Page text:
VIDEO: Supermarket and student flat plan for Plymouth landmark
A SUPERMARKET chain which owns a derelict city landmark has launched a bid to breathe new life into the site.
Aldi, which is responsible for the old Greenbank prison beside Greenbank fire station, has been criticised in the past over its lack of care for the historic building.
Now an eyesore, the structure has become a hotspot for vandalism and antisocial behaviour since plans for a 12,000 sq ft supermarket with 110 parking spaces were rejected by council chiefs in the 1990s.
However, the German budget supermarket chain is now set to launch what they call "exciting new proposals" to develop the site.
Aldi has teamed up with student accommodation provider Forshaw Land in the latest bid.
Following initial discussions with Plymouth City Council, Aldi and Forshaw Land are to display their proposals to develop a supermarket along with student housing in the building.
The public are being invited to have their say on the plans, which will be on show next Saturday. Following that, the plans will be sent to council chiefs for approval.
A spokesman for the developers said: "There have been previous plans for the development of the site that have not gone forward.
"The site is now derelict and the listed building is in urgent need of repair.
"The proposals that are to be displayed have been drawn up following informal discussions with the council and will result in the site being brought back to beneficial use for local residents."
The spokesman added: "We invite all members of the public with an interest in seeing the site brought back into use to view our plans."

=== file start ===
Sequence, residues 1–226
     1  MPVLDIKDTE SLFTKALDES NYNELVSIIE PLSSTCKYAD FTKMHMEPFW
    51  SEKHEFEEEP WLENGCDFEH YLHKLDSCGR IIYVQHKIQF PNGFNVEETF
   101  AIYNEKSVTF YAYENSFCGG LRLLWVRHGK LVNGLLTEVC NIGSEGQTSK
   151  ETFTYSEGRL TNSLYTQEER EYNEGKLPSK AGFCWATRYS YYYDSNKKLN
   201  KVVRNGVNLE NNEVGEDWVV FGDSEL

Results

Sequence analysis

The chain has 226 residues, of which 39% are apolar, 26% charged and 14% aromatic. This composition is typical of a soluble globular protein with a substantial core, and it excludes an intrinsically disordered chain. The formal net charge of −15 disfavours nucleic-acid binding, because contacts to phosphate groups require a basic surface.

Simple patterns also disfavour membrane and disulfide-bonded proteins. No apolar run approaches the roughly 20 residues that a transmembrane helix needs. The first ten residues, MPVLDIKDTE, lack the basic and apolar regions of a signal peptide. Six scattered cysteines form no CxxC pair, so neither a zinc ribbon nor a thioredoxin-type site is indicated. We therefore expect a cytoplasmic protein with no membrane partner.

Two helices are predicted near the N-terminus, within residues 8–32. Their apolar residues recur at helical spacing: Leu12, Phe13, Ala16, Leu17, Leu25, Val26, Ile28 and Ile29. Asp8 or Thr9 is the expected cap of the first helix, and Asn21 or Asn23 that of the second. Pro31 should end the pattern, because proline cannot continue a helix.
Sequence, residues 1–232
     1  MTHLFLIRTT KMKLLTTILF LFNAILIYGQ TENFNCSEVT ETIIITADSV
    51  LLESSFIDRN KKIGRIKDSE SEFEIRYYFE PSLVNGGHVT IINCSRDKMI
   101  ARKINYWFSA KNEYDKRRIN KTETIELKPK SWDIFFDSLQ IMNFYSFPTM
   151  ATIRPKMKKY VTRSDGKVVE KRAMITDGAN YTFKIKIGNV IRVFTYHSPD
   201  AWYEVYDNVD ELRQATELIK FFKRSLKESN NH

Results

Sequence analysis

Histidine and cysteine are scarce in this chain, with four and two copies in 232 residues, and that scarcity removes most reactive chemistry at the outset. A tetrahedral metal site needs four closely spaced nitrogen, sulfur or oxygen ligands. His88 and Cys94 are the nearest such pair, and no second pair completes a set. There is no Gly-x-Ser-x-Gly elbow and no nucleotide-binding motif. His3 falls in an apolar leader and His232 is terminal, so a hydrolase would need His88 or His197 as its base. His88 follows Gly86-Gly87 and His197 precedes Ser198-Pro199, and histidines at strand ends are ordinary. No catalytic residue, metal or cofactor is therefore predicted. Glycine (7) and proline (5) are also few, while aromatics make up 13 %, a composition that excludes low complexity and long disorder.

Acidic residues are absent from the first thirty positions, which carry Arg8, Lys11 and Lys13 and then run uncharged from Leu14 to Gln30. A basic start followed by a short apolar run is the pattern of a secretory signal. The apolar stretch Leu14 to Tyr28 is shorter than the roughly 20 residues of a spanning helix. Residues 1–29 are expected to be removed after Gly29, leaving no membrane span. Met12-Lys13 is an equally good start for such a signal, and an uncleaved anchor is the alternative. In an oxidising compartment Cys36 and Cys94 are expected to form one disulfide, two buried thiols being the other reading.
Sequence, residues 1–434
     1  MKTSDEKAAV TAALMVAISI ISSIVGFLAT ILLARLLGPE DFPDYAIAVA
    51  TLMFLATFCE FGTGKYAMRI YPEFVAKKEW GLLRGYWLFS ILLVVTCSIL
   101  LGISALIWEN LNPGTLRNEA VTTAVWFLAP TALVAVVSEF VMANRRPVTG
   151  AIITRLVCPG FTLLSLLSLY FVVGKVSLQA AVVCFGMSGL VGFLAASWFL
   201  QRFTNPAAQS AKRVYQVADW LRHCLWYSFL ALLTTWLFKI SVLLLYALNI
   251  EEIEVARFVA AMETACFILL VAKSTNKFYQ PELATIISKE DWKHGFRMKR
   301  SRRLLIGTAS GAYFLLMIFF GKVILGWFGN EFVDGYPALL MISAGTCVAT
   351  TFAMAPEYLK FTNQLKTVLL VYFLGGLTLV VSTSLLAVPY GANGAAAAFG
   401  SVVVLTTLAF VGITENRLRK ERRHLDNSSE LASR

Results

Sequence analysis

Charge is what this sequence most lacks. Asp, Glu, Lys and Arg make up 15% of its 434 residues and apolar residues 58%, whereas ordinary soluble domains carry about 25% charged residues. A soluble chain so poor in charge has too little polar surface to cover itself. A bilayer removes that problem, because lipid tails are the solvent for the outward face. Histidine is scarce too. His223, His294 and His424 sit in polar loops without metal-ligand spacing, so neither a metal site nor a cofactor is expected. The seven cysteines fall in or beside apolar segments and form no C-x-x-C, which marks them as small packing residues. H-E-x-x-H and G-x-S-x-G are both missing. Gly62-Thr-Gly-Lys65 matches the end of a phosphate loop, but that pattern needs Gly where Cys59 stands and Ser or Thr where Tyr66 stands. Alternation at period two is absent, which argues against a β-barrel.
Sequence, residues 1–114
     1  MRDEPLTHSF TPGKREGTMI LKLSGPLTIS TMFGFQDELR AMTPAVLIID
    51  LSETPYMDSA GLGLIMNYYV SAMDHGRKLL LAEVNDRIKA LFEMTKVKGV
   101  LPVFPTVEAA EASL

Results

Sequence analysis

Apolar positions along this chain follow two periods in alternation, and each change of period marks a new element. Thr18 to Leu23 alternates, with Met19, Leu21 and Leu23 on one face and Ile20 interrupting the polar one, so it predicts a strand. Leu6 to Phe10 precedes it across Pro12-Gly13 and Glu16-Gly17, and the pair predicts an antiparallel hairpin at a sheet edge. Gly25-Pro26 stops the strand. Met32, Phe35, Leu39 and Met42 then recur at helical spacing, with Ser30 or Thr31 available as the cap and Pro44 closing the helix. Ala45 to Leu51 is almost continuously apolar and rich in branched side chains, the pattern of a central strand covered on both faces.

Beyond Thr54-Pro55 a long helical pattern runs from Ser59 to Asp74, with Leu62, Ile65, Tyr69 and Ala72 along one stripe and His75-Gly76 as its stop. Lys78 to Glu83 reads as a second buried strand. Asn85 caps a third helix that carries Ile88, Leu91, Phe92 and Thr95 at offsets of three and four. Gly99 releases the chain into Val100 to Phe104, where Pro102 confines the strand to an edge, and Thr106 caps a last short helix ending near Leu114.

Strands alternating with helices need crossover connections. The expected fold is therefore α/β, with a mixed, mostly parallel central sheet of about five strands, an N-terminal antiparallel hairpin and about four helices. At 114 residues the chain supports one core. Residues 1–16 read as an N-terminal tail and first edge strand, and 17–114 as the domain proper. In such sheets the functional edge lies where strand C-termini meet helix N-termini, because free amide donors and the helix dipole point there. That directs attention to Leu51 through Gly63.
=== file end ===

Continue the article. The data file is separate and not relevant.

One resident who lives nearby said: "I can see why it never happened years ago. The traffic would be a nightmare. There's already loads of student housing around here. But look at it, anything's got to be better than that. It's a lovely old building just wasting away."
The public exhibition of the plans will be at 42 Mutley Plain (the old Cartridge Line shop) from noon until 4pm this Saturday.
LIFE AND TIMES OF THE 'OLD LADY OF GREENBANK'
THE site of the Old Greenbank prison has a long and chequered history.
In 1849 it was built as part of the Greenbank borough prison.
It was adjacent to the workhouse, built two years later, which later became Freedom Fields Hospital.
The part of the building which remains would have contained the governors office, prison surgery and a receiving cell.
In 1935 it became Plymouth police headquarters and a court for 40 years.
It remained despite being struck by a 1000lb bomb during the war.
The north west corner of the site included the ambulance station while the south east corner was, and still is, Greenbank fire station.
By 1987 it was occupied by Plymouth Health Authority and named Longfield House.
Aldi bought the site in 1997 and failed in their attempt to renovate it.
In 2009, police chiefs granted The Herald exclusive access to the decaying building and showed how it had become a hot spot for drug addicts and bored children.
In January last year a community group of 15, calling themselves the Greenbank Greenspace, took it upon themselves to clean the area up.
The group turn it into an area the whole community can be proud of.
But just weeks later, Aldi were ordered by the council to secure the site.
The community minded squatters were served with an eviction notice by bailiffs.
Aldi then boarded up the site and it has lain for the last year with no sign of activity.